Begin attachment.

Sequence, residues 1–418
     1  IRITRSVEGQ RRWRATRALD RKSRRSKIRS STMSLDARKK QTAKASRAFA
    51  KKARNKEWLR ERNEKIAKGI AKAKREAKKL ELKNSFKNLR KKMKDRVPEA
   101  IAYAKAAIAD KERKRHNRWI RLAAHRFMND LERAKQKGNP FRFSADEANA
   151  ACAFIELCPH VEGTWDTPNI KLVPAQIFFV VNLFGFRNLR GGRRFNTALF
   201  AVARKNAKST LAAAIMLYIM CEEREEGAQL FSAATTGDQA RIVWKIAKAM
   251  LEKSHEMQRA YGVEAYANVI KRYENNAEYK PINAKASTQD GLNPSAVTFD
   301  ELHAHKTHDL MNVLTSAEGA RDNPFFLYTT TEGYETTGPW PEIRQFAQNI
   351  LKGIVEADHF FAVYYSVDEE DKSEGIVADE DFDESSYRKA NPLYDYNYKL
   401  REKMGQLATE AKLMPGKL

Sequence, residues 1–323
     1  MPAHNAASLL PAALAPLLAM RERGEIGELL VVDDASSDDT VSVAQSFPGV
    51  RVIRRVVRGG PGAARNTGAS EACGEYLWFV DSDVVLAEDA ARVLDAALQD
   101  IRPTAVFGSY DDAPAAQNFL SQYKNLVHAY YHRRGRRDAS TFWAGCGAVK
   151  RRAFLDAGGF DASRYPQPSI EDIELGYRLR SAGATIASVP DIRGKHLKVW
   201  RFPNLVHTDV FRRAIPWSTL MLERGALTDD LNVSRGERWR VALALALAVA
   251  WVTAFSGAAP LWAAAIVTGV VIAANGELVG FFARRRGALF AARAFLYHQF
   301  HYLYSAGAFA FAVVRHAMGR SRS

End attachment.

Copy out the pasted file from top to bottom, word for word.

Sequence, residues 1–418
     1  IRITRSVEGQ RRWRATRALD RKSRRSKIRS STMSLDARKK QTAKASRAFA
    51  KKARNKEWLR ERNEKIAKGI AKAKREAKKL ELKNSFKNLR KKMKDRVPEA
   101  IAYAKAAIAD KERKRHNRWI RLAAHRFMND LERAKQKGNP FRFSADEANA
   151  ACAFIELCPH VEGTWDTPNI KLVPAQIFFV VNLFGFRNLR GGRRFNTALF
   201  AVARKNAKST LAAAIMLYIM CEEREEGAQL FSAATTGDQA RIVWKIAKAM
   251  LEKSHEMQRA YGVEAYANVI KRYENNAEYK PINAKASTQD GLNPSAVTFD
   301  ELHAHKTHDL MNVLTSAEGA RDNPFFLYTT TEGYETTGPW PEIRQFAQNI
   351  LKGIVEADHF FAVYYSVDEE DKSEGIVADE DFDESSYRKA NPLYDYNYKL
   401  REKMGQLATE AKLMPGKL

Sequence, residues 1–323
     1  MPAHNAASLL PAALAPLLAM RERGEIGELL VVDDASSDDT VSVAQSFPGV
    51  RVIRRVVRGG PGAARNTGAS EACGEYLWFV DSDVVLAEDA ARVLDAALQD
   101  IRPTAVFGSY DDAPAAQNFL SQYKNLVHAY YHRRGRRDAS TFWAGCGAVK
   151  RRAFLDAGGF DASRYPQPSI EDIELGYRLR SAGATIASVP DIRGKHLKVW
   201  RFPNLVHTDV FRRAIPWSTL MLERGALTDD LNVSRGERWR VALALALAVA
   251  WVTAFSGAAP LWAAAIVTGV VIAANGELVG FFARRRGALF AARAFLYHQF
   301  HYLYSAGAFA FAVVRHAMGR SRS